Some studies show that shilajit has a “distinct and marked neuroprotective activity.” (12) highlighting its targeted mechanism for protecting the brain cells in particular. In a 2013 study conducted by the Physiology Research Center at the Kerman University of Medical Sciences on the effects of shilajit on risk factors following a traumatic brain injury, researchers discovered that it has positive effects on the three most indicative factors of death following traumatic brain injury: brain edema, blood-brain barrier permeability and intracranial pressure. (13)
In addition, shilajit has been shown to exhibit anti-epileptic properties and potentially antipsychotic effects. The action thought to be behind this is that iit adjusts GABA levels (a naturally occurring neurotransmitter) back into balance. (14)
Furthermore, this unique superfood has in one preliminary study, shown to be a promising consideration for patients suffering with mild Alzheimer’s disease. The presence of fulvic acid and a treatment protocol including the administration of a vitamin B complex showed promising results. (15)
As well as shilajit showing many ways in which it is preventative of cancer, such as improving detoxification pathways, working as an anti-inflammatory, delivering abundant and bioavailable nutrients to the cells, some studies are showing that shilajit also exhibits cancer killing activity as well.
A 2016 study (16) on hepatic cancer cells, clearly indicated that cancer cell apoptosis occurred in those treated with a solution of shilajit for 24 hours. Whilst further studies are needed, this is a promising first glimpse at how shilajit can support cancer patients.
In addition to this, one study showed the protective action of shilajit against damage from radiation as a cancer treatment. (17)
Shilajit has been traditionally used for hundreds of years in Asian herbal medicine both inwardly and outwardly against injuries, bone fractures, dislocations, diseases of skin, diseases of the peripheral nervous system and also as a soothing and anti-inflammatory agent.
There is initial evidence that it supports in the regeneration of bones, protecting from and slowing the process of osteoporosis. (18)
In a study of obese patients published in the Journal of Medicinal Food, supplementation significantly improved the function and regeneration of skeletal muscles. (19)
In one article it is noted that the resin will regenerate damaged bones approximately 2 times faster than they normally would. This effect was used by Soviet surgeons consistently for many years. (20)
Shilajit is a powerful tonic to keep you healthy in general. It is known as a nonspecific immune system stimulator. It proliferates lymphocytes, activates the macrophages (the cells that literally ‘eat’ bacteria and viruses), and it was shown to accelerate regeneration of the immune system (lymphopoietic erythropoiesis). The resin restored more rapidly the number of lymphocytes and peripheral blood, bone marrow and spleen. (21)
In addition to this, it also has “broad, yet specific” antiviral properties. One Italian lab study found significant antiviral activity against a number of herpes-related viruses and HRSV, a virus that causes respiratory tract infections, most prevalent in children. (22)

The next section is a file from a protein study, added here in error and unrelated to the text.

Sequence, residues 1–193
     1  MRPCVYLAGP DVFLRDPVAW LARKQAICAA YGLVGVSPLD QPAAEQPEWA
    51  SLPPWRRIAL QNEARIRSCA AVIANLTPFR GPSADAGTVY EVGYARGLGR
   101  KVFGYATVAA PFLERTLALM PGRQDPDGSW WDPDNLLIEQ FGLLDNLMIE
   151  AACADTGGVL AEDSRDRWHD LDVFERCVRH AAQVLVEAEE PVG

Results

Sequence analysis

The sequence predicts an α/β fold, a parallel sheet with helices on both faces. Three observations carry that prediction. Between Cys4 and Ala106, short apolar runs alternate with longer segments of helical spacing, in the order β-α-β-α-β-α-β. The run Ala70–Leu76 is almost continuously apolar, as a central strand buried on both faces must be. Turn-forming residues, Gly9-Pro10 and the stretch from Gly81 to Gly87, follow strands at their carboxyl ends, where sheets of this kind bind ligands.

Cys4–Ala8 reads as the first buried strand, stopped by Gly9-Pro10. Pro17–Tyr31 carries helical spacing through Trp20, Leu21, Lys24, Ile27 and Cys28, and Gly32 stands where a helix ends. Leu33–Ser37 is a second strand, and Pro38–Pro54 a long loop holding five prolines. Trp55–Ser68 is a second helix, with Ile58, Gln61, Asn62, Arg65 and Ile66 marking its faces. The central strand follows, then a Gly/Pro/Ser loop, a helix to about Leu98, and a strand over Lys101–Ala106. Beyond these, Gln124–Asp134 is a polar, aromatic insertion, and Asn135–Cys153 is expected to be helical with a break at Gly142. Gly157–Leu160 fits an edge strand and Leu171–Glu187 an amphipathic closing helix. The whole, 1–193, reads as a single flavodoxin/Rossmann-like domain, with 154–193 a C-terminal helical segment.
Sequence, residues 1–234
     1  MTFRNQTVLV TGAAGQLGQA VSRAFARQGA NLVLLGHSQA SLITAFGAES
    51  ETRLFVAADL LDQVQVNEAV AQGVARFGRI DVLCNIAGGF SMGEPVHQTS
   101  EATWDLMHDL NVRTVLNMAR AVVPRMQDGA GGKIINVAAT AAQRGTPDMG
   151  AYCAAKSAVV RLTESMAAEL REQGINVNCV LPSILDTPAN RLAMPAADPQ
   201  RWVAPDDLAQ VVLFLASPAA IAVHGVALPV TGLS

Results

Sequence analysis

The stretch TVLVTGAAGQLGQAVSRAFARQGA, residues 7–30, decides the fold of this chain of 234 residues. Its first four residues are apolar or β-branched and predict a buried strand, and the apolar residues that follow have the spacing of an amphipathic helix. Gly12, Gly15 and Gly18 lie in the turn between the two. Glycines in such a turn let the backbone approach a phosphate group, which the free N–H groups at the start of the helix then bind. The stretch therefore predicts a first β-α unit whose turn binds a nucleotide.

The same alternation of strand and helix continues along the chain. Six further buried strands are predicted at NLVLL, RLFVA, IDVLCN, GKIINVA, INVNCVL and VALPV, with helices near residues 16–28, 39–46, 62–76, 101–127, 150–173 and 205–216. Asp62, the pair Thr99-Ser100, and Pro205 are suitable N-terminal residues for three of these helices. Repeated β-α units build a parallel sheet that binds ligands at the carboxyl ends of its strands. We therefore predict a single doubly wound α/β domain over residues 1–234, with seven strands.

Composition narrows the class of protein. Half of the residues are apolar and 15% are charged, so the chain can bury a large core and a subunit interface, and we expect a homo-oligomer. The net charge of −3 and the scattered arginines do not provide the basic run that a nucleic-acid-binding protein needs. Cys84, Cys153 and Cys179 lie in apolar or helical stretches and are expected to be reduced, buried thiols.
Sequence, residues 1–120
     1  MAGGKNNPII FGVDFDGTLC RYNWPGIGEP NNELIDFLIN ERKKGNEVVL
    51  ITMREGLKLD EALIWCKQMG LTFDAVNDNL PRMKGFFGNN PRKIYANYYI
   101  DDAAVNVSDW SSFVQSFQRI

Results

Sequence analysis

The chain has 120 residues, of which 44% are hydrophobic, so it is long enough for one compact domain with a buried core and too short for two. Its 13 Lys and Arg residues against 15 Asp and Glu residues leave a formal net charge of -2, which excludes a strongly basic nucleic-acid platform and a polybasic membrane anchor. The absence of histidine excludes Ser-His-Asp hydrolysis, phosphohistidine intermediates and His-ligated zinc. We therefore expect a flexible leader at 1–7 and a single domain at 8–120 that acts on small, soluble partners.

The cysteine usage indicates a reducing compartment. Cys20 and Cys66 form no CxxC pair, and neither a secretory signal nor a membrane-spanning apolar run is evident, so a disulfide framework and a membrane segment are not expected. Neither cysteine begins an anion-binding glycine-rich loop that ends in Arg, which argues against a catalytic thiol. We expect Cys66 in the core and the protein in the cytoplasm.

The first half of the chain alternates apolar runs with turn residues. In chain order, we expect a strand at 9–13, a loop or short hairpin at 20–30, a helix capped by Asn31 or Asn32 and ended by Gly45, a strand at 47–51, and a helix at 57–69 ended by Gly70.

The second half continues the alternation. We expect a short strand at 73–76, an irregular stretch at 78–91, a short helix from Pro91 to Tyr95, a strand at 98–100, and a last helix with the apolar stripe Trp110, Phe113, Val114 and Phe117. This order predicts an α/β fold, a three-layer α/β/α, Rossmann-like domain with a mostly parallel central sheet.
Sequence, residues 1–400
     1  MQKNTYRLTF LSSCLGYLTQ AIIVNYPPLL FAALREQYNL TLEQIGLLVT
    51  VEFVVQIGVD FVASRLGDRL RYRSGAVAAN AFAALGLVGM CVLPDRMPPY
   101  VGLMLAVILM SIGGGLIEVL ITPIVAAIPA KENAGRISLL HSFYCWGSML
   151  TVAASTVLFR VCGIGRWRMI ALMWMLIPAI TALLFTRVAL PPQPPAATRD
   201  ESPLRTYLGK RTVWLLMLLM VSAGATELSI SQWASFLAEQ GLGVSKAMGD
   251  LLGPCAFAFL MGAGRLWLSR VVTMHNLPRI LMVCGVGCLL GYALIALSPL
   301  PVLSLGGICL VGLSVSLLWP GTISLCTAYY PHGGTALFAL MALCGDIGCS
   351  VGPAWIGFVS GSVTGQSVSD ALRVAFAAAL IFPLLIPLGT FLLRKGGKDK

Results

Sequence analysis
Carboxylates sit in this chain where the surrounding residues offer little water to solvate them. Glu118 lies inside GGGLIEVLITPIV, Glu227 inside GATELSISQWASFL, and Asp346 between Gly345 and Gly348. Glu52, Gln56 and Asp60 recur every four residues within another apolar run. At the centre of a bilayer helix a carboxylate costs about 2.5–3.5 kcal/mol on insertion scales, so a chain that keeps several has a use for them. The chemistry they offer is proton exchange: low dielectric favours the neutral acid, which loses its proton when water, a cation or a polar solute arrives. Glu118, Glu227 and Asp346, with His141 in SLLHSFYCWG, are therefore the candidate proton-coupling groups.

Shilajit also works as one of nature’s best aphrodisiacs and is a powerful supplement for low sex drive. For hundreds of years it has been a widely recommended solution for impotence.
It positively affects reproductive hormone functions with some even hailing it as ‘Indian Viagra’. In healthy males, supplementation increases blood testosterone and encourages the production of healthy sperm, with many men seeing an improvement in their endurance and libido in general. (23)
How to take shilajit
Shilajit has a very strong flavour, not unlike tar. This is perhaps why it was traditionally dissolved in warm milk to dilute the flavour. You can also add it to herbal teas, plain warm water or if you’re in a rush and feeling brave, just pop a small pea-sized amount directly under your tongue. Taste aside, the advantage of this method is that sublingually is one of the areas of highest absorption, so you’ll feel the beneficial effects sooner.
How to know if your Shilajit is genuine
As shilajit becomes more popular and demand increases, fake and inferior products inevitably flood the market. Capsules and powders are often mixed with other ingredients, so how do you know if what you’ve bought is genuine shilajit?
To receive the health benefits mentioned above, it’s crucial that you’re buying and taking genuine shilajit. These original methods of testing shilajit will give you confidence as to whether you have the real thing:
- Shilajit becomes harder at cold temperatures and softer and more malleable when warm
- Shilajit should dissolve completely in warm water or milk, with no remaining bits
- Shilajit should not dissolve in alcohol
- Shilajit should have a strong smoky, tar-like odour
- Shilajit should have a strong and smoky tar-like taste
- Shilajit will not light on fire or burn like a candle. If heated with a flame, it will bubble and produce an ash. But it will not burn like a candle.
For added reassurance, it’s also worth seeking out a company who independently test their shilajit for authenticity and heavy metals. Ensure you have the results for ppm (parts per million) or parts/KG as this will give you a true indication of the levels.
Complications and side effects
Shilajit has a long history and has been used safely in the Ayurvedic tradition for over 3,000 years. Modern day studies continue to show that it is very safe to use with no known adverse reactions currently reported.
It is worth pointing out though that Chlorine and fulvic/humic acids, when combined, produce a potentially carcinogenic by-product. Due to high levels of naturally occurring fulvic and humic acids in shilajit, chlorinated water should never be used when preparing for internal consumption or use on skin.
Shilajit can contain trace levels of phenylalanine which is an essential amino acid. Therefore, all products containing phenylalanine are contraindicated in people who have the rare genetic disorder PKU (phenylketonuria).